Yellow Seed, a nonprofit organization that facilitates connections between farmers and fair markets, recently partnered with Impact Hub Berkley, a social impact working hub out of the Bay Area, to host six curated working groups to focus on Collaborative Trade. The project was called From the Ground Up: Change Accelerator and aimed to “design healthy, global food supply chains where farmers are treated as equal partners and like-minded organizations work together to accelerate the shift towards sustainability.”
Small farmers, social justice groups, and some big names of the chocolate industry participated. (See the Yellow Seed blog for more detailed information!) To bring the sessions to a close, the groups are inviting anyone interested to take place in a webinar that will present the key findings of the working groups. The “welcome all curious minds, open hearts and everyone interested in learning about how we can revolutionize our global food supply chains together.”
Anyone interested has the choice of joining either of the two webinars:
Session A: Fri, Apr. 8, 2016 12:00PM – 1:30PM PDT
Please join my meeting from your computer, tablet or smartphone: https://global.gotomeeting.com/join/521009293
You can also dial in using your phone: United States +1 (312) 757-3121
Access Code: 521-009-293
Session B: Mon, Apr. 11, 2016 6:30pm – 8:00pm PDT
Please join my meeting from your computer, tablet or smartphone: https://global.gotomeeting.com/join/413804301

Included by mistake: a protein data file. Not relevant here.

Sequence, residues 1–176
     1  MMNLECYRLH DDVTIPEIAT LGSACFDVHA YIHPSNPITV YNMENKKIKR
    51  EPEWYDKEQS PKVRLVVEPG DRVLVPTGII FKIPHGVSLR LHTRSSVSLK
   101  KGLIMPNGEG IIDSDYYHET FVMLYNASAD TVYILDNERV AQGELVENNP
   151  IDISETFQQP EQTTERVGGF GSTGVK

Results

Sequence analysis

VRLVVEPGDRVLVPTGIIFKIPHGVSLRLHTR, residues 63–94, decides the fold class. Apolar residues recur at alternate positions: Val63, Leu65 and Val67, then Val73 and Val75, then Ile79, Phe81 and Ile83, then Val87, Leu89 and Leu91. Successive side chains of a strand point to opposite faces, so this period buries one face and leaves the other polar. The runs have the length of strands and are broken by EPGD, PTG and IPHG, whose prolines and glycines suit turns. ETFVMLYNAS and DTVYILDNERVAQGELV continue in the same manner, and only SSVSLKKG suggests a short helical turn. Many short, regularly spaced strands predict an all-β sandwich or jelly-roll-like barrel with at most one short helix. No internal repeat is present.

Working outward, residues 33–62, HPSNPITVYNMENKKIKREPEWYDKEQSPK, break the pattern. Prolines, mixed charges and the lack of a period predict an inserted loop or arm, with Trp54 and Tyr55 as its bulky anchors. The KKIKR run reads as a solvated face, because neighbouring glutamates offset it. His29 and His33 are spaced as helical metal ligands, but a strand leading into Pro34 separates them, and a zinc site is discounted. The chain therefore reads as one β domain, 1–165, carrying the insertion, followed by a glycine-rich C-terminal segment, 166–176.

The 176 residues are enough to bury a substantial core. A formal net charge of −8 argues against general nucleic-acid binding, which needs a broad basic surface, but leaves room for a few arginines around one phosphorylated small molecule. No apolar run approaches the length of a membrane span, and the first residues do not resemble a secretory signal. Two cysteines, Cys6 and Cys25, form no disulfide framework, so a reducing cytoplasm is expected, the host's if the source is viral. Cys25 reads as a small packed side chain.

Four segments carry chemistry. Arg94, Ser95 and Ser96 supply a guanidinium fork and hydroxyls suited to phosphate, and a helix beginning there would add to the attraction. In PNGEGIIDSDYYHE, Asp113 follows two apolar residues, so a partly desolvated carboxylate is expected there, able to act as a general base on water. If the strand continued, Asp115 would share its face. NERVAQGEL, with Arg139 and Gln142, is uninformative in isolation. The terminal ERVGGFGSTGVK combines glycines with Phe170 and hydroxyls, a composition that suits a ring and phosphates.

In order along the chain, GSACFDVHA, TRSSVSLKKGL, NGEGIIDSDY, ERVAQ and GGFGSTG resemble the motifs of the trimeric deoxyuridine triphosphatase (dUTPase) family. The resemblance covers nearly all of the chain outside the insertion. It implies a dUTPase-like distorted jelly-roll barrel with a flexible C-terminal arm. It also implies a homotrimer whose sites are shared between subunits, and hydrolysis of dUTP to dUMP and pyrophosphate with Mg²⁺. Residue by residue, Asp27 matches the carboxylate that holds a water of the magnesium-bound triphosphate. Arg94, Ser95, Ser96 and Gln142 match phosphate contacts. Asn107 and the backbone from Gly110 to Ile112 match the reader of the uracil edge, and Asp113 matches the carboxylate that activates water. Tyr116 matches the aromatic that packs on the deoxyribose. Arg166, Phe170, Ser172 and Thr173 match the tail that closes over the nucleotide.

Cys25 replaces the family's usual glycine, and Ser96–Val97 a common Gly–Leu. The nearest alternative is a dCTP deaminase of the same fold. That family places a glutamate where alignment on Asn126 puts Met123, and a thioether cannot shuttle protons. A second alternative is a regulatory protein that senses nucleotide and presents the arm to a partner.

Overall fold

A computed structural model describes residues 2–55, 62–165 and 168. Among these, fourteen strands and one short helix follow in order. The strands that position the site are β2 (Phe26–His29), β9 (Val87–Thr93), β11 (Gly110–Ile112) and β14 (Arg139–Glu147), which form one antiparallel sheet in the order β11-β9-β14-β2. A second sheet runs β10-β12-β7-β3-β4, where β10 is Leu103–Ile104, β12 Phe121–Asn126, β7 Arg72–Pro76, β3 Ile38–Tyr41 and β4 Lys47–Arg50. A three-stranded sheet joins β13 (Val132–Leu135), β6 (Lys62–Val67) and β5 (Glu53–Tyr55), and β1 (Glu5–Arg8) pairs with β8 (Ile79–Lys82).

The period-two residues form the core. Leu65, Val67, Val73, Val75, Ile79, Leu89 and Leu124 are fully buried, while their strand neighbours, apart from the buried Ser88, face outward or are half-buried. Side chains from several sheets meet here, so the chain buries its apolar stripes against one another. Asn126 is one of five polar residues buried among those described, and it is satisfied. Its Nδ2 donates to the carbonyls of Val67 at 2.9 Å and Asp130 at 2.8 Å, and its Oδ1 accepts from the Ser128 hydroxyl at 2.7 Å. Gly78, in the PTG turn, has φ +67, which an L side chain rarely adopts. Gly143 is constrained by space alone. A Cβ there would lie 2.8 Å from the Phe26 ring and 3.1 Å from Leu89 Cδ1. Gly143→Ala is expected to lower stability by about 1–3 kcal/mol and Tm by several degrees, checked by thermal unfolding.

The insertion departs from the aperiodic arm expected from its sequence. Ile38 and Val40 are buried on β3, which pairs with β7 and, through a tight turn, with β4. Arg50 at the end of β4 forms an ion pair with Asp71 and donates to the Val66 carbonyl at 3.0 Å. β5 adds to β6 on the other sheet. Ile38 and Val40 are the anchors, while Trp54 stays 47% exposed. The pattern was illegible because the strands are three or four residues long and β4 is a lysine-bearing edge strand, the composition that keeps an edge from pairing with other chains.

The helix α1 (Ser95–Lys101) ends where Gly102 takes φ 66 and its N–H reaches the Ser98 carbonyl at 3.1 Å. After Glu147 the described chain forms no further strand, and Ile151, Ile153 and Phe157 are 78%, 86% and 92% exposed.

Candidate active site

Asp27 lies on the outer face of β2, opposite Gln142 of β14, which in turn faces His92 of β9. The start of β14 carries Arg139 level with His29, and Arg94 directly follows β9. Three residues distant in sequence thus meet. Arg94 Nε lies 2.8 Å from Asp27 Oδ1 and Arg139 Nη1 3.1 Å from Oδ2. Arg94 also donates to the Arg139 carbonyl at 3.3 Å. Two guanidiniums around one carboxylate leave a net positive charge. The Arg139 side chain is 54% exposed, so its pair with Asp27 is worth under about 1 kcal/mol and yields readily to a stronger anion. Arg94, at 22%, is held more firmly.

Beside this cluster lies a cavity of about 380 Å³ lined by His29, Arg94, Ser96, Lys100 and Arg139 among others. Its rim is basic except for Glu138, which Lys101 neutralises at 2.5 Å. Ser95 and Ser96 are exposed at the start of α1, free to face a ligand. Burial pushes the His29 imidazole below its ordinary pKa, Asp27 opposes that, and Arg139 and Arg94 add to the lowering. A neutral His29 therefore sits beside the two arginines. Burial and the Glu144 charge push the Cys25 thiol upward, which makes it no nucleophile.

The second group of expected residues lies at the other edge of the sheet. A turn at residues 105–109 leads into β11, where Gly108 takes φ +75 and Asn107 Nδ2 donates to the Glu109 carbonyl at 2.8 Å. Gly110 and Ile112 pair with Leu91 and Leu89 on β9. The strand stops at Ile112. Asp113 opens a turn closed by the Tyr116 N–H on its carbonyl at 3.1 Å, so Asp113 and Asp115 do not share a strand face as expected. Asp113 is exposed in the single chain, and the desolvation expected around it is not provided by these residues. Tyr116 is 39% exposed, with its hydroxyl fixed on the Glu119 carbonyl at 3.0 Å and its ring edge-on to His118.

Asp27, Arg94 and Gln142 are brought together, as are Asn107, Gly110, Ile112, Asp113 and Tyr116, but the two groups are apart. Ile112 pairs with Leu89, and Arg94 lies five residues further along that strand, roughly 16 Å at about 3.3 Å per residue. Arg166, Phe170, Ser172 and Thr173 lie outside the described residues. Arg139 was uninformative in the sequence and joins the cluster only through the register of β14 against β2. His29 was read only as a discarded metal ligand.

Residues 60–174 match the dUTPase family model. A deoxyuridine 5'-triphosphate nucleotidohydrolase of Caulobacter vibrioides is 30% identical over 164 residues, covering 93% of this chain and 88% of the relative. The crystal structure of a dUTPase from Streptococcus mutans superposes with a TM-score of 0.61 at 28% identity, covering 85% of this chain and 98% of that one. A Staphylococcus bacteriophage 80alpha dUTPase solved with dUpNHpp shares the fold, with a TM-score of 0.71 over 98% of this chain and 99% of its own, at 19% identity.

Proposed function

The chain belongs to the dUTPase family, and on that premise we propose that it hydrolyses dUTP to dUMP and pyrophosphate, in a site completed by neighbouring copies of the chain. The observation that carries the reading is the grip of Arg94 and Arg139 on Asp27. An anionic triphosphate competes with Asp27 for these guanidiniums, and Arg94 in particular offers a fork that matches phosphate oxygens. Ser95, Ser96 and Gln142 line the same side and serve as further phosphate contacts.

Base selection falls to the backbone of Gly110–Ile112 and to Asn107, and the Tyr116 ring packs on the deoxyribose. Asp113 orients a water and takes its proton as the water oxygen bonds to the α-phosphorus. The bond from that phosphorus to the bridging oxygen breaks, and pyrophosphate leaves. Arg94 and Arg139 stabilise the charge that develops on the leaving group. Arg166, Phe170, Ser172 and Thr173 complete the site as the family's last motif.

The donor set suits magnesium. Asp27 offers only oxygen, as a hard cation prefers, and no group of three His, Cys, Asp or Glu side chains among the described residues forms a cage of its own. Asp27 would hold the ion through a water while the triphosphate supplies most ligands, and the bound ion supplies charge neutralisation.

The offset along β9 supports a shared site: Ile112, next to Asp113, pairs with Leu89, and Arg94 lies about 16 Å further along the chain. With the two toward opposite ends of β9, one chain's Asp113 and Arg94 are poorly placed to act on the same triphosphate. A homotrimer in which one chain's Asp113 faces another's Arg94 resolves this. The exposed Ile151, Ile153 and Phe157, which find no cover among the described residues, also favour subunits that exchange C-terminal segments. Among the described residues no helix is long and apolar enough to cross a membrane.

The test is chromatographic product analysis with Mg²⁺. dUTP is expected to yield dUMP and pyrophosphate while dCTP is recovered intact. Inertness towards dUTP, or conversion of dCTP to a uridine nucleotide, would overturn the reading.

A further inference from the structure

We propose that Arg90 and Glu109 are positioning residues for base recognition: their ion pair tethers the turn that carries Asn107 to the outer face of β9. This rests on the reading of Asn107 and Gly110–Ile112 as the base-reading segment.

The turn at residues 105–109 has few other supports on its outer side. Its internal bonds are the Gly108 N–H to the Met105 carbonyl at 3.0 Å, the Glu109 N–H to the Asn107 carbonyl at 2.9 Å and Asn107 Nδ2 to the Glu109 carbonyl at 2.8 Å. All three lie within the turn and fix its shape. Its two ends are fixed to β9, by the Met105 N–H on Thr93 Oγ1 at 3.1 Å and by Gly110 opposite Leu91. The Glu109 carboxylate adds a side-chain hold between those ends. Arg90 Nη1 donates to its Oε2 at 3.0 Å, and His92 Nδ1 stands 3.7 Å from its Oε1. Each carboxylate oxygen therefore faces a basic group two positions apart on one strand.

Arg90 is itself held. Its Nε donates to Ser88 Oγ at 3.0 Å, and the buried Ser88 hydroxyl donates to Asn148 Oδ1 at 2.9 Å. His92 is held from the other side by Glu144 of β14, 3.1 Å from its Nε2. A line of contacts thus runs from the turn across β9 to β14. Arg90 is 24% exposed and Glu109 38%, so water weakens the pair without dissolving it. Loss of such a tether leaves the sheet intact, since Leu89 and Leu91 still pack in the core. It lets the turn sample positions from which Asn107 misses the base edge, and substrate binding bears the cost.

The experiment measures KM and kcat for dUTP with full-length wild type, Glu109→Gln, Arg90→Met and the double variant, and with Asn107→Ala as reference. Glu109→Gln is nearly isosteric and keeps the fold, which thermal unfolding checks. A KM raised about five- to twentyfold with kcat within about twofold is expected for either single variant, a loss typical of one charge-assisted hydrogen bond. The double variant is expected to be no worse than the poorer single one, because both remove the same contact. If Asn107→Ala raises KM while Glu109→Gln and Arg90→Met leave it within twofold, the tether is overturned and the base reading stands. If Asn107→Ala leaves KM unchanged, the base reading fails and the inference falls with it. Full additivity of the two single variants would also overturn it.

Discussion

You can also dial in using your phone: United States +1 (224) 501-3212
Access Code: 413-804-301
A nature story is unfolding above San Francisco’s chaotic Market Street. The Western Tiger Swallowtail Butterfly and its allies – Peregrine Falcons, Red-masked Parakeets, Bumblebees, Echo Blues, Red Rock Skimmers, and other urban creature – are making habitat along San Francisco’s civic spine.
This accidental ecosystem is missing something: nectar-producing flowers to feed adult butterflies and other wildlife.
But you can help: sponsor a plant! For every $5 raised, Nature in the City will plant Zinnia, Verbena, Statice, Echinacea, and Tithonia (all preferred nectar flowers) from seed; we will care for the seedling until maturity and then give it a permanent home. Plants destined for Market Street will flood rooftop and community gardens, nearby parks, sidewalk planters, medians, and public plazas. A donation of $50 dollars will sponsor 10 plants, and a donation of $1000 will sponsor 200. What’s more, a generous Nature in the City donor (Kindy French) has offered to match all donations up to $5000, meaning that when we reach our goal, 2000 new flowering plants will support wildlife on Market Street!
With a nod from nature, let’s help build a beautiful Market Street, feed the Western Tiger Swallowtail, and create lasting ecological integrity together.
Visit natureinthecity.org to learn more about this project, and sponsor a plant today!
Visit their indiegogo site to contribute more!
Here at the Greenhorns love art and we love farmıng and we love creative subversive people, and so you might imagine that we really love creative subversive art about farming. We’ve blogged about these guys a few times before, and we are delighted to remind you that they’re still creating great art all the time. The above image is from their beautiful 2014 Annual Harvest project in which empty fruit boxes were placed near an apple farm in the Flemish countryside and painted with text that emerged from conversations with a local farmer. Check out the wonderful photographs of the process and instillation here!